Have certainly attained the path of the buddhas.

-Lotus Sutra, Expedient Means Chapter

There are beings with little dust in their eyes who are falling away because they do not hear the Dhamma. There will be those who will understand the Dhamma.
-Ayacana Sutta
dude
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Re: Why do we have to do continuous daimoku?

Post by dude »

Actually, you don't have to. You can chant it exactly once, and that cause alone implants the seed of enlightenment in your life.
On the other hand, if you want to change your karma which you have accumulated since time without beginning and attain perfect enlightenment in this lifetime, it will take some real doing.
When asked this question, President Ikeda said "It only accords with reason that prolonged tenacious effort would be required."
Nichiren Daishonin states : "Q : How many daimoku does it take to reach enlightenment? A : One is enough. A million is not enough."
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Queequeg
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Re: Why do we have to do continuous daimoku?

Post by Queequeg »

dude wrote: Fri Apr 05, 2019 8:23 am Nichiren Daishonin states : "Q : How many daimoku does it take to reach enlightenment? A : One is enough. A million is not enough."
Do you have a citation for that?
Those who, even with distracted minds,
Entered a stupa compound
And chanted but once, “Namo Buddhaya!”
Have certainly attained the path of the buddhas.

-Lotus Sutra, Expedient Means Chapter

There are beings with little dust in their eyes who are falling away because they do not hear the Dhamma. There will be those who will understand the Dhamma.
-Ayacana Sutta
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Bois de Santal
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Re: Why do we have to do continuous daimoku?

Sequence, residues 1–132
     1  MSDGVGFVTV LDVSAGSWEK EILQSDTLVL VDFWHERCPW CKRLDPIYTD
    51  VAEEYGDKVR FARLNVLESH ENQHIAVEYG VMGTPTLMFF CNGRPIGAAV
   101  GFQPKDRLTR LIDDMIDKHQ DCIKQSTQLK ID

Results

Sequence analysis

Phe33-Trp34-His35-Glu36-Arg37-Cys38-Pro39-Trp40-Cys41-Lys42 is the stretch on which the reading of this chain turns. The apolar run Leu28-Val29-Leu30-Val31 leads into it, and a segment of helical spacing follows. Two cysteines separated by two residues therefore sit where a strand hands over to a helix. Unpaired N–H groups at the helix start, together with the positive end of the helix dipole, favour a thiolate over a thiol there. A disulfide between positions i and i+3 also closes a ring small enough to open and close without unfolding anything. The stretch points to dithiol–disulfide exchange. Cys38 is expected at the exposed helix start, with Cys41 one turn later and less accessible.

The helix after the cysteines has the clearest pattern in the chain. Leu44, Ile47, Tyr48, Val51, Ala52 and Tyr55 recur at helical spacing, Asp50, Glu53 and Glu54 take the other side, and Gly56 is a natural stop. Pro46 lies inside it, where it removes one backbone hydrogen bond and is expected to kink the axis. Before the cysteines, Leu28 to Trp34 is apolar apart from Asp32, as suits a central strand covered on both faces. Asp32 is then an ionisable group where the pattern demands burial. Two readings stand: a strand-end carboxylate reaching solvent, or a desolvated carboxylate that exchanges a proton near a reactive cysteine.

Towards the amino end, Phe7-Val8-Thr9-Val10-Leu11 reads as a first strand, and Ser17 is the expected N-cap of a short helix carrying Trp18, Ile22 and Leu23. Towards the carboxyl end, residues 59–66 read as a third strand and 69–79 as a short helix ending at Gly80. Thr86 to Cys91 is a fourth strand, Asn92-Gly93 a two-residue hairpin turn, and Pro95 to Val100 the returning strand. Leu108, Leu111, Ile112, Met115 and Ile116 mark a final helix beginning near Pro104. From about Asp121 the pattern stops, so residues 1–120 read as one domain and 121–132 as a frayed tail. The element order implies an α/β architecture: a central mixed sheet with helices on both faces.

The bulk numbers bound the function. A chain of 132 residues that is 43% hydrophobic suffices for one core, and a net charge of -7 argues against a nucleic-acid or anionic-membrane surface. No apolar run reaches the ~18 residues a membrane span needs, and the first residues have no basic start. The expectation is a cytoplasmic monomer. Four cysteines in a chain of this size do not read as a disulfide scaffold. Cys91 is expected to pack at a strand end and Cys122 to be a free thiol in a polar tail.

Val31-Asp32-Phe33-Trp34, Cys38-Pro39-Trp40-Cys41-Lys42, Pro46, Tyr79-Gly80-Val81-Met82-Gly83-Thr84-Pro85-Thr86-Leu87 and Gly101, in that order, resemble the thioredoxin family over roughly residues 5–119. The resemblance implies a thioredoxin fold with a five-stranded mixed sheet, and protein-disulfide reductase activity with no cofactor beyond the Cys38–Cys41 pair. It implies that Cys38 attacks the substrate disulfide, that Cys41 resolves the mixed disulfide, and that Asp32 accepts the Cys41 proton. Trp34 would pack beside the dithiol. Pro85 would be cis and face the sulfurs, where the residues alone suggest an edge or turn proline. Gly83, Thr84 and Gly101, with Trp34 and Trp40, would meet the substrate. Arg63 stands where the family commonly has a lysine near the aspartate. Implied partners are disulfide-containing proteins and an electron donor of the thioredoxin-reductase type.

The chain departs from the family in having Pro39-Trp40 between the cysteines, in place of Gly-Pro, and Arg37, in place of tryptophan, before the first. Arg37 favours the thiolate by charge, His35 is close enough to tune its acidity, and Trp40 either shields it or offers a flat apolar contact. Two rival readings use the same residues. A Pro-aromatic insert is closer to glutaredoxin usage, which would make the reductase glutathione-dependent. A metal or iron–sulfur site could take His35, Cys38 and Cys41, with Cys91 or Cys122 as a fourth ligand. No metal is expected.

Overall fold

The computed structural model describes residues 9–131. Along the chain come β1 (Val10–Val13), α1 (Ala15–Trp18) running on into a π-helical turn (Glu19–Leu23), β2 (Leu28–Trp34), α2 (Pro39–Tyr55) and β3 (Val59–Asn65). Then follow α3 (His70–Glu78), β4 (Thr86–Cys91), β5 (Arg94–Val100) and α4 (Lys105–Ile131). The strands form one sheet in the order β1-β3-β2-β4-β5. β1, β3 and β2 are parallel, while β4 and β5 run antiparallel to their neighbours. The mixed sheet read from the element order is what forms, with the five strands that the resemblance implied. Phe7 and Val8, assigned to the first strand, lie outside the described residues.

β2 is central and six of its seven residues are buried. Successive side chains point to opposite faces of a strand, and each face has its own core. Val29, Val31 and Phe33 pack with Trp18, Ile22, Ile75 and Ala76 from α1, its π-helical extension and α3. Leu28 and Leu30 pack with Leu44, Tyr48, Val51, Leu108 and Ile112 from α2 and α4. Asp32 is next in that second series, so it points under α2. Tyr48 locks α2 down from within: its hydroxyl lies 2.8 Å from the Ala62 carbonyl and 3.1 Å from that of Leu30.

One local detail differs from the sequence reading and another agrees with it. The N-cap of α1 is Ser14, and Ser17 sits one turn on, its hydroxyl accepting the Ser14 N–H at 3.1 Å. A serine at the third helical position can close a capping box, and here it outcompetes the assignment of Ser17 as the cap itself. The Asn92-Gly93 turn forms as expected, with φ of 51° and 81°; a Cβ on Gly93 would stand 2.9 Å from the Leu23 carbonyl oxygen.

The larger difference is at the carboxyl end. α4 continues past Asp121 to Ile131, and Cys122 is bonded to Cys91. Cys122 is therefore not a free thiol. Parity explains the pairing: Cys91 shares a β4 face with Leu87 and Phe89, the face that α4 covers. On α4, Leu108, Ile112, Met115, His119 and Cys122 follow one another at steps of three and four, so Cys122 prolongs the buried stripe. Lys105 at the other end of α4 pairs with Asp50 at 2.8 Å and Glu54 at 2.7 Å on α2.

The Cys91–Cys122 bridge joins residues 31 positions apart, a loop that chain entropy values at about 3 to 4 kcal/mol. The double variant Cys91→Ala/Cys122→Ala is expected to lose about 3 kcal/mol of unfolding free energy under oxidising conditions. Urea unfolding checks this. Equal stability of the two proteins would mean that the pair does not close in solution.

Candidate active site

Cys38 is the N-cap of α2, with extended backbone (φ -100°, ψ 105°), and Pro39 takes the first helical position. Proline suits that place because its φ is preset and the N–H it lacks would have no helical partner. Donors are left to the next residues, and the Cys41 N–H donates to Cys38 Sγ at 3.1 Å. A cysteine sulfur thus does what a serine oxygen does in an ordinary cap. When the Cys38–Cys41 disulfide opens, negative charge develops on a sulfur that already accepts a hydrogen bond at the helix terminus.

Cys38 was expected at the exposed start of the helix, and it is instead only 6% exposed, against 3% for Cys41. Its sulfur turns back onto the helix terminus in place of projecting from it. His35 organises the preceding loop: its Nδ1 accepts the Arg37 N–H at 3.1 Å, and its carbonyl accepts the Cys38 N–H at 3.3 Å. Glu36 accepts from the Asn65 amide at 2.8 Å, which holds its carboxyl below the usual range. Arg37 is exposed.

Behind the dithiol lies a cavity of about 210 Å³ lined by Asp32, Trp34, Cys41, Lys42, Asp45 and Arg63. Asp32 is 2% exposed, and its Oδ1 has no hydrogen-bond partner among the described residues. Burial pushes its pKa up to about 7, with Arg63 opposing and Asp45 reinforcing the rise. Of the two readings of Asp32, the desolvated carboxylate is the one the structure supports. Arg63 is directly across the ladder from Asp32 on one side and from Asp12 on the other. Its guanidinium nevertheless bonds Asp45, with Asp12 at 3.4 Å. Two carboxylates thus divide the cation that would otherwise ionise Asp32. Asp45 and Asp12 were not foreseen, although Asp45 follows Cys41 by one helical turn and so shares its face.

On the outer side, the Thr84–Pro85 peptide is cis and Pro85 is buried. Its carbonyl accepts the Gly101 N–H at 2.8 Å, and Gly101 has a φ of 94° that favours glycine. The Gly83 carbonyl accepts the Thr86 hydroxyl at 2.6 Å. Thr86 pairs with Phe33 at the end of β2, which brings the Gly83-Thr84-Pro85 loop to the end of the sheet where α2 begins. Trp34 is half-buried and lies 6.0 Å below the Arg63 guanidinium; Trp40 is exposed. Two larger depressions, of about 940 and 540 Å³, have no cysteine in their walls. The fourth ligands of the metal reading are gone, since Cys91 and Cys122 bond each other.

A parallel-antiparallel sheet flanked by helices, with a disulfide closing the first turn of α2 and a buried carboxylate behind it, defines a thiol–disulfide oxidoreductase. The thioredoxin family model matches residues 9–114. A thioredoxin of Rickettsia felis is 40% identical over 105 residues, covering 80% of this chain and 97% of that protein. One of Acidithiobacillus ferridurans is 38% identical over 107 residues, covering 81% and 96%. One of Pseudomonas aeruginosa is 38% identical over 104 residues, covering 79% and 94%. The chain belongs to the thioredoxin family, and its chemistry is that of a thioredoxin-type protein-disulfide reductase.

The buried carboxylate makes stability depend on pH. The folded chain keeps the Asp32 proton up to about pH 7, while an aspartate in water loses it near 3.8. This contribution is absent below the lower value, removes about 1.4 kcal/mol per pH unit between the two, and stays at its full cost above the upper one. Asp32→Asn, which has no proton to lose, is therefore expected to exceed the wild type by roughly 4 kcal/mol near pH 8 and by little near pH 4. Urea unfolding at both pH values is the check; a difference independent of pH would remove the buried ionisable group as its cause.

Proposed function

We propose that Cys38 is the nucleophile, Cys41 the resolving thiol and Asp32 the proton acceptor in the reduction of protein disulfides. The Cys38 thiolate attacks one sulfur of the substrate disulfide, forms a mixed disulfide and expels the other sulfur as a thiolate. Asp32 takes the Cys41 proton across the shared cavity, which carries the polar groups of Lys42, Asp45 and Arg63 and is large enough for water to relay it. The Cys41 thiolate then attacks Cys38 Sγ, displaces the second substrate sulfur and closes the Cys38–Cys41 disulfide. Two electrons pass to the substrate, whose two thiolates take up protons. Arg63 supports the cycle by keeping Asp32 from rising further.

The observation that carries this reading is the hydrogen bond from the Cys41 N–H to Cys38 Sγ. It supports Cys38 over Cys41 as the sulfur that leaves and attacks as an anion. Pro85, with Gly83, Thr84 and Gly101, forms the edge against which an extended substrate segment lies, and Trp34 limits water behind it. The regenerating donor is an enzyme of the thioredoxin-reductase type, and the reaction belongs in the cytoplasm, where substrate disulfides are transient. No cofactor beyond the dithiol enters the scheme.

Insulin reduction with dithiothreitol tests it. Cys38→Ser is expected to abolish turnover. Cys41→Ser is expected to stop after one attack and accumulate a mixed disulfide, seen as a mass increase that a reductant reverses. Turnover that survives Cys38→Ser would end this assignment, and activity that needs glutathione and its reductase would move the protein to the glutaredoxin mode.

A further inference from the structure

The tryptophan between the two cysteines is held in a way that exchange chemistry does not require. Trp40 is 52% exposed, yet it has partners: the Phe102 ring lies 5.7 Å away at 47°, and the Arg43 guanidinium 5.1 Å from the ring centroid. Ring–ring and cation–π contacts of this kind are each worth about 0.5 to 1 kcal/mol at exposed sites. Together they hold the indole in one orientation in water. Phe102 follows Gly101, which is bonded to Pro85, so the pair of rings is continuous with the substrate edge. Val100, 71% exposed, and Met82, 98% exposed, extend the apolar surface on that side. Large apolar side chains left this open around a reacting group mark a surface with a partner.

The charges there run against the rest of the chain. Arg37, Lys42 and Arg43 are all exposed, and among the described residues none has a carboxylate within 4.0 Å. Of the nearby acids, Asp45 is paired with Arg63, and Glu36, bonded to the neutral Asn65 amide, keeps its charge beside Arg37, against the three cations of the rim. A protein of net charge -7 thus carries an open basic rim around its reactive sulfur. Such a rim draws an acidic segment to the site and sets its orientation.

Post by Bois de Santal »

I pretty sure I've read that quote in an article by Niwano - but i'm not sure of it's ultimate provenance.
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Bois de Santal
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Re: Why do we have to do continuous daimoku?

Post by Bois de Santal »

Hmm - I looked but couldn't find it. If anything, Niwano did not believe in the merits of chanting too much daimoku because the mind will start to wander. He seems to have been a 'little but often' kind of guy.
mansurhirbi87
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Re: Why do we have to do continuous daimoku?

Post by mansurhirbi87 »

nice topic. I guess it's related to the same principle of zazen : practice is illumination itself and other things related to it that are in my subconciousness but i can't recall right now

__/\_
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Queequeg
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Re: Why do we have to do continuous daimoku?

Post by Queequeg »

Yeah, I don't think that quote is Nichiren. For one, it sounds too much like a greeting card. Nichiren did not do hokey. He did Hokke, though. (small chuckle)

TBH, it sounds like it may be adapted from some commentary on Nembutsu.
Those who, even with distracted minds,
Entered a stupa compound
And chanted but once, “Namo Buddhaya!”
Have certainly attained the path of the buddhas.

-Lotus Sutra, Expedient Means Chapter

There are beings with little dust in their eyes who are falling away because they do not hear the Dhamma. There will be those who will understand the Dhamma.
-Ayacana Sutta
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Queequeg
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Re: Why do we have to do continuous daimoku?

Post by Queequeg »

Looking at chanting of Daimoku as a repetitive act may be an obstacle to understanding the practice.

To be repetitive suggests a conception of Daimoku as a linear practice - one Daimoku followed by another Daimoku, with each Daimoku being a discrete act. This also speaks to the OP's apparent assumption about attaining Buddhahood as a result of a linear process - what we refer to as the Gradual Path.

The Essential Teaching of the Lotus Sutra is the Round or Complete or Perfect Path. Once entered, the path cannot be lost. This is illustrated by the parable of the poison drum from the Mahaparinirvana Sutra - once one hears the Saddharma (Myoho), one is irreversibly on the path to Buddhahood. It may not be the direct path, but given that this moment is boundless (in a way that we generally conceive of through the convention of time) Buddhahood is inevitable. In fact, having a strong aversion to Saddharma is actually more beneficial than a neutral reaction because its like a snare that digs into the flesh the harder you struggle against it. To have a strong aversion, one also has a commensurate imprint of the Saddharma in the mind. On the other hand, merely joyfully accepting it is profoundly meritorious because one is now infinitely closer to awakening than when one is indifferent or averse to it.